http://www.sciencedaily.com/releases/2006/02/060206232450.htm
http://www.berkeley.edu/news/media/releases/2005/10/27_greeneyed.shtml
http://english.people.com.cn/english/200010/12/eng20001012_52433.html


Quote
And what about this?
http://en.wikipedia.org/wiki/Nylonase
Scientists were able to induce another species of bacteria, Pseudomonas, to evolve the capability to break down the same nylon byproducts in a laboratory by forcing them to live in an environment with no other source of nutrients.

This is interesting and I have read a bit about this particular example previously. Seems this could be reproduced in a lab.


Yes, seems like proper evolution in action.


Quote
No evolution is driven a lot by what specific capabilities a species has. If you can't utilize your superior intelligence then that trait won't be passed on. For example in humans intelligence was a key factor in our survival, likely because of the use of tools and the fact that we had hands that could manipulate thing easily.

This looks a little "just-so" to me. Interesting idea, but I'd feel much more comfortable with such a scenario with some hard, empirical science.

There is science behind this.
http://www.utexas.edu/courses/wilson/ant304/projects/projects97/weimanp/fossils.html
Quote
Whatever the cause of bipedality, it eventually led to the development of higher intelligence. Darwin's theory is that with the freed up hands that bipedality allows, hominids would be able to use tools, and the use of tools led to the development of greater intelligence.
http://history.nasa.gov/SP-419/s2.2.htm
http://en.wikipedia.org/wiki/Evolutionary_psychology
http://ajp.psychiatryonline.org/cgi/content/full/163/9/1652
http://www.cerebromente.org.br/n13/mente/evolution/evolution05_i.html
http://www.sciam.com/article.cfm?chanID=sa006&colID=1&articleID=000C1E5D-B9BA-1422-B9BA83414B7F0103

Quote
It's not arrogant to believe that we can draw conclusions about the past from what we know now. Geological data, fossils and so one can give us an understanding about what is likely to have occured.

Agreed 100%, but when we start going lightyears beyond the scientific data and completely speculate around a single prevailing idea (to the exclusion of any other possible competeing explanations) it's a bit arrogant. At least to me.
I don't think he does that, he extrapolates from what we know and "paints a picture" of how it could have looked.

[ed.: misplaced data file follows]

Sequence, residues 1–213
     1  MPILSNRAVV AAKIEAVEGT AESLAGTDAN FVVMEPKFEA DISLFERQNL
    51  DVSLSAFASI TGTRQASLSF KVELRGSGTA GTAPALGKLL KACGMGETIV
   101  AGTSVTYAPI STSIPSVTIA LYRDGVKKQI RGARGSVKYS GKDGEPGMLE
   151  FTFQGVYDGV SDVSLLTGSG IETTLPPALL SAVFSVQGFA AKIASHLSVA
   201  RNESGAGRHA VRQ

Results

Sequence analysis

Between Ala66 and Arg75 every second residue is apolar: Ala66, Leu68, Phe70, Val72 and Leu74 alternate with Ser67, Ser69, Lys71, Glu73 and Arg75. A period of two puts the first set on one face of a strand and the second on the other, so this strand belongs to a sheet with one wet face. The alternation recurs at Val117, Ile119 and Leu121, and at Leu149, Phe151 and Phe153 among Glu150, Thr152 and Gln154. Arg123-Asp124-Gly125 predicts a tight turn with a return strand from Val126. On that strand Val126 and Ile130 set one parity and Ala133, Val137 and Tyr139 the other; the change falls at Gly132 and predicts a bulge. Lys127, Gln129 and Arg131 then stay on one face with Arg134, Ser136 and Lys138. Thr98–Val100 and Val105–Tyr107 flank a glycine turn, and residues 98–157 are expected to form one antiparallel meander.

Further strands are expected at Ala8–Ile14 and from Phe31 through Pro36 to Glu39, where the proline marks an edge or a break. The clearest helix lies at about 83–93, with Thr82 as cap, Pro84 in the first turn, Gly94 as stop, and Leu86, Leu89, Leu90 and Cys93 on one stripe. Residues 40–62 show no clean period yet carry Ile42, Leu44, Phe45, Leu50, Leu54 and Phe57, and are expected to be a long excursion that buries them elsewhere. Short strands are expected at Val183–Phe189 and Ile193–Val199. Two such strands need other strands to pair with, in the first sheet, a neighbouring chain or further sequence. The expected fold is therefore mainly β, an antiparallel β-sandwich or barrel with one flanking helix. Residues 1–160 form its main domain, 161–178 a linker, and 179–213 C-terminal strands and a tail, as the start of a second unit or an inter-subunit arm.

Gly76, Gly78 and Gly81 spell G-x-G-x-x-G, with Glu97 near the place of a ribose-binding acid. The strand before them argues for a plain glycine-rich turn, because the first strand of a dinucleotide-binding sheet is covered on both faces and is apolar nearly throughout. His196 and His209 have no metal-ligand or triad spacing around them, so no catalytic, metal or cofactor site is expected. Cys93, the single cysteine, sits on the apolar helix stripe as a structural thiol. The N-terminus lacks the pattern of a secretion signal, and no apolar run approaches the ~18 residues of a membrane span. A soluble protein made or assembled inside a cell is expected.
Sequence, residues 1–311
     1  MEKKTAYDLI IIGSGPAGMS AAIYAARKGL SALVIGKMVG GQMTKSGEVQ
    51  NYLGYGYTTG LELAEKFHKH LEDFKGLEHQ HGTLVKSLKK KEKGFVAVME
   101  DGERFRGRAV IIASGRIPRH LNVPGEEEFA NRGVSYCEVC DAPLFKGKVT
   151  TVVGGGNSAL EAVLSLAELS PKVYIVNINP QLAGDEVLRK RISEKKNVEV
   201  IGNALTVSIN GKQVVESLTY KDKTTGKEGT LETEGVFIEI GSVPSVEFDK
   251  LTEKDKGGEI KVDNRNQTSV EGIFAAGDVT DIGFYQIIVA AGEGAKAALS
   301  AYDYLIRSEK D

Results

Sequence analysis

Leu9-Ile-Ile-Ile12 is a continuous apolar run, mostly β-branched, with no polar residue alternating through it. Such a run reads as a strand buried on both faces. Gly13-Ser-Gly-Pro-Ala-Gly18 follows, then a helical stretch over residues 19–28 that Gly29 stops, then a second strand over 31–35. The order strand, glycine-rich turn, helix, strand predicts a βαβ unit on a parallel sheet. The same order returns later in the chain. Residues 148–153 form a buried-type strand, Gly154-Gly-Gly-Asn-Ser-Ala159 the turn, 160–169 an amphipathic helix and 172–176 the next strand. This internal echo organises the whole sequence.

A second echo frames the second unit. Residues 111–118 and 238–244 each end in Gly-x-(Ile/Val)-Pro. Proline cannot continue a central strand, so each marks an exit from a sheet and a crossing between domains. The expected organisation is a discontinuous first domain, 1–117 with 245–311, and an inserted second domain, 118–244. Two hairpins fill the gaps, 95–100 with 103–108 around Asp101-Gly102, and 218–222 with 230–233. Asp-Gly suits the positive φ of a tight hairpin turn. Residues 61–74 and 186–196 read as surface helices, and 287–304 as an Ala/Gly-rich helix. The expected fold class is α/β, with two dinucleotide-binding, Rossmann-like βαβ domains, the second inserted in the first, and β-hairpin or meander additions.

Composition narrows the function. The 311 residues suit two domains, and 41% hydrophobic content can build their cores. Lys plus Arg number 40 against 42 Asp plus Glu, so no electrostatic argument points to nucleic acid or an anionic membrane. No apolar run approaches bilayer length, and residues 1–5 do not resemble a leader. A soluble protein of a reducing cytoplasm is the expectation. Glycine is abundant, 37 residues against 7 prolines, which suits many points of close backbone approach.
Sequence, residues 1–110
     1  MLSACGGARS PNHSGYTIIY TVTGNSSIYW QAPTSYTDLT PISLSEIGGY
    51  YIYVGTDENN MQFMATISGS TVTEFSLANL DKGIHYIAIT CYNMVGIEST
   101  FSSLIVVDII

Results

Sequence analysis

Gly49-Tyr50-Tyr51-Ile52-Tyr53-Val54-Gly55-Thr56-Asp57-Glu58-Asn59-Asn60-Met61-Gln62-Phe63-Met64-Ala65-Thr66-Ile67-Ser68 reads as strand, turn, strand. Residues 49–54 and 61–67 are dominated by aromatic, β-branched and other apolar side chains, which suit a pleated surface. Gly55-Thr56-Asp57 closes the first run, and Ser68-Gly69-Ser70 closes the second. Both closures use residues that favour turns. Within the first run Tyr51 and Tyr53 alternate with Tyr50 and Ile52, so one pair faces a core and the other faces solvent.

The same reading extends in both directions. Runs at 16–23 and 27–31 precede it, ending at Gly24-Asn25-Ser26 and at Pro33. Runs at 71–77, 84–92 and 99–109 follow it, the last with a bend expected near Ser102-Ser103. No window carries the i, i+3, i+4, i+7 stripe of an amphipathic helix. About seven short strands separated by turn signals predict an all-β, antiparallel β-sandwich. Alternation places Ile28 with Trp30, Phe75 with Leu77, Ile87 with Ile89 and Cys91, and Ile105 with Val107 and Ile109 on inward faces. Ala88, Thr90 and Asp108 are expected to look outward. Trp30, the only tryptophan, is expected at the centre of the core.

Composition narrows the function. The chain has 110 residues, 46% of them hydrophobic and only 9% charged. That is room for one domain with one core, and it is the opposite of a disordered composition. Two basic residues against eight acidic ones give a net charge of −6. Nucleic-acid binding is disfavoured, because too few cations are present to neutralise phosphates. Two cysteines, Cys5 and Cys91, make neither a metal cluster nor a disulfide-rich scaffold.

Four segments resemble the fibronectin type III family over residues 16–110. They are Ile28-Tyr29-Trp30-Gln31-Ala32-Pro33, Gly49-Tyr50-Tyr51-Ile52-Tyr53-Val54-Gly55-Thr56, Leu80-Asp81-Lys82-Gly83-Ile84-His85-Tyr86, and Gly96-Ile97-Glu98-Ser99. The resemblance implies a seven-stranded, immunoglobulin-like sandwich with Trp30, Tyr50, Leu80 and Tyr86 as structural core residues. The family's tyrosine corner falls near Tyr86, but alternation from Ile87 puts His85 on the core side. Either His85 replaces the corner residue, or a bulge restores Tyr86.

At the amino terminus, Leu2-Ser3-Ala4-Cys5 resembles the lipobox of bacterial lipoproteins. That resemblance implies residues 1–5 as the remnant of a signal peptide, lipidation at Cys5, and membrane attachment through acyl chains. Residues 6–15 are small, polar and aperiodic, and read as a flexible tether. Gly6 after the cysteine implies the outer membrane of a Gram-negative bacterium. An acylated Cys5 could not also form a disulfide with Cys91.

I found most of the links on google and unfortunately sometimes you find results that are references to books or sites you have to pay to access so I'm sure there are better sources out there.
« Last Edit: March 22, 2007, 06:30:27 am by jucce » Logged
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Re: Evolution in action?
« Reply #100 on: March 23, 2007, 01:53:16 am »

I'm pressed tonite, but this caught my eye.

http://www.livescience.com/animalworld/top10_vestigial_organs.html

 10) Flightless birds. Show me one flightless bird that doesn't use it's wings.. Every species has a use wether from courtship, to diving in the water, to balancing themselves on fast runs, camoflague.. You name it, they use them and they are FAR from useless.

9) Hind legs in whale. First, note how blurry the un-clicakble inlay is, even though it instructs you to view the inlay. Second, they've only found two specimines total that looked anything like a leg bone, not beyond the realm of a tumor or anomolus genetic defect. Third: These uniform bones in modern whales are important anchors for the reproductive organs.

8 ) erector pili . Or goosebumps. These are VERY important to sex in humans. Imagine if your girl didn't get erect nipples. Need I say more? (Sorry if this is a family show.)

7) human tailbone : Important anchor for buttox muscles.

6)The Blind Fish Astyanax : I'm not sure that absolute darkness wouldn't do this to many species.

5)  Wisdom Teeth : I'm not sure this isn't an inbred genetic trait in humans. A) It doesn't affect all people. B) Inbred hicks often have messed up teeth.

4)Dandelions. Have sex organs which they "don't use" but clone themseleves instead. A) They do use them to attract bees and ants which benefit from their pollen and B) in turn they are protected from other insects. C) I'm not so sure they don't use them for normal flower sex as well. D ) There are species of Dandelion that do reproduce normally.

3) Fake lizard sex: No comment, interesting. Some species of sea fish actually are all female and one of the dominant females begins producing testosterone and becomes the male, litterally.

2) Male breast tissue(nipples). It is my understanding that we are all female in the womb untill the DNA codes differentiate us as sexes. So not all tissue is removed. Saying it is vestigial seems to imply that humans will evolve and lose them. I don't think that will happen.

1) Human Appendix : The Encyclopedia Britainica (forget  wich year, sometime in the 90's described the appendix as the place where digestive, immune responses start. I'll see if I can find a link.

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Re: Evolution in action?
« Reply #101 on: March 23, 2007, 08:20:56 pm »

I'm pressed tonite, but this caught my eye.

http://www.livescience.com/animalworld/top10_vestigial_organs.html

 10) Flightless birds. Show me one flightless bird that doesn't use it's wings.. Every species has a use wether from courtship, to diving in the water, to balancing themselves on fast runs, camoflague.. You name it, they use them and they are FAR from useless.

Vestigal doesn't mean that it's not used for anything.

http://en.wikipedia.org/wiki/Vestigal_organ
Quote